“I don’t know where we are headed because of poverty,” said Reza Hashemi, a literature teacher at a Tehran high school.
In 2018, then-President Donald Trump withdrew America from Tehran’s landmark nuclear agreement with world powers and brought back sanctions on Iran, pummeling an oil-dependent economy already hobbled by inefficiencies. The pandemic has aggravated the economic despair. About 1 million Iranians have lost their jobs, and unemployment has climbed over 10% — a rate that is nearly twice as big among youths.
Capital flight has soared to $30 billion, chasing away foreign investors.
Negotiations to revive the atomic accord stalled in the five months since hard-line President Ebrahim Raisi took office, allowing Tehran to press ahead with its nuclear program. On Wednesday, the European Union announced that talks between world powers and Iran on reviving the deal would resume Nov. 29 in Vienna. The announcement stoked modest hopes that the Biden administration can resuscitate the accord.
“It’s impossible to hide people’s discontent with the economy,” said Mohammad Qassim Osmani, an official at the Audit Organization Services, a government watchdog. “The structure of the country is faulty and sick. We need an economic revolution.”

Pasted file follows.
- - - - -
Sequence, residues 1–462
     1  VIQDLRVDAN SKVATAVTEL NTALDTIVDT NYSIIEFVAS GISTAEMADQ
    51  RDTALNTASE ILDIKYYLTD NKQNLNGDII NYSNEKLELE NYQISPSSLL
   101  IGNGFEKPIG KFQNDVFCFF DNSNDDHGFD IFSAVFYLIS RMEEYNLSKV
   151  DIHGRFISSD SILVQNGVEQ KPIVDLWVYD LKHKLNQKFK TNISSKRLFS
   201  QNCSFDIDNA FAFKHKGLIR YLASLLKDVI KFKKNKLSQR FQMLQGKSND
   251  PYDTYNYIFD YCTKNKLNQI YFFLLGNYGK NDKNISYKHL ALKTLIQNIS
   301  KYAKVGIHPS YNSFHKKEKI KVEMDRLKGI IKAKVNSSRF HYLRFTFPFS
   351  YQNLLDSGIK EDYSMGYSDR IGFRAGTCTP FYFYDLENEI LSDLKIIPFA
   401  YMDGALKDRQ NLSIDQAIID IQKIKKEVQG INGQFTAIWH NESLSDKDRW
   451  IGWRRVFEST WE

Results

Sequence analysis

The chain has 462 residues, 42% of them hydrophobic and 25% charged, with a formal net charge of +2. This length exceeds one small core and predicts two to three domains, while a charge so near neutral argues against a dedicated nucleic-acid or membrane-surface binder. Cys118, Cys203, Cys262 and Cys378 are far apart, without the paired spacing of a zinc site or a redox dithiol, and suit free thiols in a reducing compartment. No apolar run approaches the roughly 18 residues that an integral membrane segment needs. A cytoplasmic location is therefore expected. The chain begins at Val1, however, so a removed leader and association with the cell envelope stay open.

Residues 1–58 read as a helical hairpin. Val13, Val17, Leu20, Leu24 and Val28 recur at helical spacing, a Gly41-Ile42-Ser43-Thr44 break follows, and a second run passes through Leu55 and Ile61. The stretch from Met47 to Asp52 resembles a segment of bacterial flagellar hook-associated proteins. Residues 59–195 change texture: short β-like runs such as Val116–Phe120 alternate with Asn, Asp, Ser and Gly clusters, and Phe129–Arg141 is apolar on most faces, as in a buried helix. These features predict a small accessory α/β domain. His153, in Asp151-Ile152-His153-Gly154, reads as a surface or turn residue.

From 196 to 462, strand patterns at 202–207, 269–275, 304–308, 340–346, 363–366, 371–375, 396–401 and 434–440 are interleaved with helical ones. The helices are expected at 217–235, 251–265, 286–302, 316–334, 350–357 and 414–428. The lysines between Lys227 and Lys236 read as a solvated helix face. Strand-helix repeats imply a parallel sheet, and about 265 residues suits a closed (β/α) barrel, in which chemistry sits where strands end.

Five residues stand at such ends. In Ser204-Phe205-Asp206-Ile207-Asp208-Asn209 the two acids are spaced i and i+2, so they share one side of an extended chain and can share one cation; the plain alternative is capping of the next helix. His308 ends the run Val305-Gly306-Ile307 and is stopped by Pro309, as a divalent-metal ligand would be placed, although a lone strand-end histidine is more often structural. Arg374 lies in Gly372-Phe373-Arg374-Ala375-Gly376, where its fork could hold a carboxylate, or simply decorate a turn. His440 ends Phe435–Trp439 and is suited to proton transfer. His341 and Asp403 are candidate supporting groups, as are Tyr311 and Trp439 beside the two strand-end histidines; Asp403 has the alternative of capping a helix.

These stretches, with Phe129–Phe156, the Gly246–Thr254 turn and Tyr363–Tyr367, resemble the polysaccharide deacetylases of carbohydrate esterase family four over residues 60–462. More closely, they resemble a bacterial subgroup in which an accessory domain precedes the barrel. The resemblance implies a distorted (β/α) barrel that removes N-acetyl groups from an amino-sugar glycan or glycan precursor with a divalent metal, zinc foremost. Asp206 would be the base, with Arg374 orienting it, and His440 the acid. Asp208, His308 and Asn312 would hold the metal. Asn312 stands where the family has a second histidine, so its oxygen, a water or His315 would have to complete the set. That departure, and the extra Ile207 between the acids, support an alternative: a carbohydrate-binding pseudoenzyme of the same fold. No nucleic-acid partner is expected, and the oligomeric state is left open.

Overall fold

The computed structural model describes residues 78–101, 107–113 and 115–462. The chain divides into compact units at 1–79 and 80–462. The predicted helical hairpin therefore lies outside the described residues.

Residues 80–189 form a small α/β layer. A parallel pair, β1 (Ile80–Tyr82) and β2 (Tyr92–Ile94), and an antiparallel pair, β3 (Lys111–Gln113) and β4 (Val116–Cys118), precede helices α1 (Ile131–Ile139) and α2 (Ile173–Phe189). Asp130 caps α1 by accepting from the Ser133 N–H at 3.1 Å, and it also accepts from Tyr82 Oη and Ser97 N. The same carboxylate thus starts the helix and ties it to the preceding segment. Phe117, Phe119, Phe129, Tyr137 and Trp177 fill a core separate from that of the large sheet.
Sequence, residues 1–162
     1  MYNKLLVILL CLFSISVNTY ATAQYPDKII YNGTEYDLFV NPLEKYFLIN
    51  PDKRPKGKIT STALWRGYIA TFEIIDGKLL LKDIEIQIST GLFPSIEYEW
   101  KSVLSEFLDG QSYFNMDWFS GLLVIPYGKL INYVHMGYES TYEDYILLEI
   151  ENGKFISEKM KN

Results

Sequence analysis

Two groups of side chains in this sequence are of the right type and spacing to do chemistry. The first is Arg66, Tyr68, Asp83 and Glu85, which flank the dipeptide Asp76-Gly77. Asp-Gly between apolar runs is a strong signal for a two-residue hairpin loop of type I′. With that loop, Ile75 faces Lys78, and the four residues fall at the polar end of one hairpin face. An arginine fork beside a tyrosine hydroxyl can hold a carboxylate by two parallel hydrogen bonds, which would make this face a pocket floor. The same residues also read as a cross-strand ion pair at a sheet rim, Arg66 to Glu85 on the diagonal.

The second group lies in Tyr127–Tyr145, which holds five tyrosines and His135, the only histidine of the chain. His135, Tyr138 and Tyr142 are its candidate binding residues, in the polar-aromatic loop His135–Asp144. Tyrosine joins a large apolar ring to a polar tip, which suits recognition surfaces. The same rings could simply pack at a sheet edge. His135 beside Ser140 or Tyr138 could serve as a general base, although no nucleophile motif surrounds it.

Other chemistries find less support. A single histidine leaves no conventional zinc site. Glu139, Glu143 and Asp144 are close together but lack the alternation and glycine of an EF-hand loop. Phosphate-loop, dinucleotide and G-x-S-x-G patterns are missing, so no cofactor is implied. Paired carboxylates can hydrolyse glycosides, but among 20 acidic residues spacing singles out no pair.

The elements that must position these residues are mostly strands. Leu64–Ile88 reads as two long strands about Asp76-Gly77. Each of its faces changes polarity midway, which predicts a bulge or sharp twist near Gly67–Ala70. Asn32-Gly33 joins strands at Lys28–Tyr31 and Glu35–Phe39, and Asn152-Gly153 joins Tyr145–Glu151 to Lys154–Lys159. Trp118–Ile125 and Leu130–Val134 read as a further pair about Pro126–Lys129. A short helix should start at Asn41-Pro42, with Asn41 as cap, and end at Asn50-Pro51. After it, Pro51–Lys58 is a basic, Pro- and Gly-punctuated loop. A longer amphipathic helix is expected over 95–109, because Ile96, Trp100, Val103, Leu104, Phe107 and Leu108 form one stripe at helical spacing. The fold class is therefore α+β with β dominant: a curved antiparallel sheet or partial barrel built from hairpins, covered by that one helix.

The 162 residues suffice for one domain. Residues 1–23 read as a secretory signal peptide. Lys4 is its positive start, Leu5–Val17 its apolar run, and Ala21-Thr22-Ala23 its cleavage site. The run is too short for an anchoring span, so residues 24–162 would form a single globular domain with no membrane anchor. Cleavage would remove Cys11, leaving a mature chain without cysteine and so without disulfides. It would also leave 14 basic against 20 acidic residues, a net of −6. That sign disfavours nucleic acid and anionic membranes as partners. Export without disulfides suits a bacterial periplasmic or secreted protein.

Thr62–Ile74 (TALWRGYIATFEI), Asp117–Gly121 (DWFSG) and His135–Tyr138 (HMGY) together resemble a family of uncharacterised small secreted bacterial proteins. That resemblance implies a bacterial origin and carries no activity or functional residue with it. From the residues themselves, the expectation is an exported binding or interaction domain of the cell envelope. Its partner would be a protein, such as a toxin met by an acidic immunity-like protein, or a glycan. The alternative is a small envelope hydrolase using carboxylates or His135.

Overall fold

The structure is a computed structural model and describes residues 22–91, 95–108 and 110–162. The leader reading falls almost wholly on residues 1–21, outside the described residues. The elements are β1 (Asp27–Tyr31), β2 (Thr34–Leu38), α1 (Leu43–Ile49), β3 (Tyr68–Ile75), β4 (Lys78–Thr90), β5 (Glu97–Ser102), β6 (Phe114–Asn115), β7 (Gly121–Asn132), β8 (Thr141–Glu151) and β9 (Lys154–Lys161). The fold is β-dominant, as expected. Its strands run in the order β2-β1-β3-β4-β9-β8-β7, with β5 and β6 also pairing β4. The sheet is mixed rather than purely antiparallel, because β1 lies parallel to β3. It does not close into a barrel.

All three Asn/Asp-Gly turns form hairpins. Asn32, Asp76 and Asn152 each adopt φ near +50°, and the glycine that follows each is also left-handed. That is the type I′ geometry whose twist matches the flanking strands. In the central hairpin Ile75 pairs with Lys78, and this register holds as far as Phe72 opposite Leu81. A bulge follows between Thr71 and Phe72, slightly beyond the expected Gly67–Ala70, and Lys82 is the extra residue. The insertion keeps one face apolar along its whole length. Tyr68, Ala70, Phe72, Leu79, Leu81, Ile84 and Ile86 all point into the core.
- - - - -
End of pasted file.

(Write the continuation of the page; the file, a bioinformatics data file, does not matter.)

Iran’s currency, the rial, has shriveled to less than 50% of its value since 2018. Wages haven’t grown to make up the loss, and the Labor Ministry reported that over a third of the population lives in extreme poverty.
“About 40 million people in the country need immediate and instant help,” said lawmaker Hamid Reza Hajbabaei, the head of the parliamentary budget committee, in a televised debate last week — referring to nearly half the population.
The deepening poverty goes beyond just numbers, becoming a visible part of daily life. On Tehran’s streets, more people are seen searching through garbage for something able to be sold. Children sell trinkets and tissues. Panhandlers beg for change at most intersections — a rare sight a decade ago.
Petty theft has surged, testing the already-tough justice system. Last week, a Tehran court sentenced a 45-year-old father of three to 10 months in prison and 40 lashes for pocketing a few packs of peanuts.
Gen. Ali Reza Lotfi, Tehran’s chief police detective, blamed the economy for the spike in crime, noting that over half of all detainees last year were first-time offenders.
It has fallen to Raisi to handle the economic pressures. He frequently repeats campaign promises to create 1 million jobs through construction and tourism projects.
But many low-wage workers, bearing the brunt of Iran’s crisis, have no hope.
Last month, in another case that drew huge attention, a 32-year-old teacher facing crushing debt hanged himself in the southern city of Guerash after a bank rejecting his request for a $200 loan.
Associated Press writer Isabel DeBre in Dubai, United Arab Emirates, contributed to this report.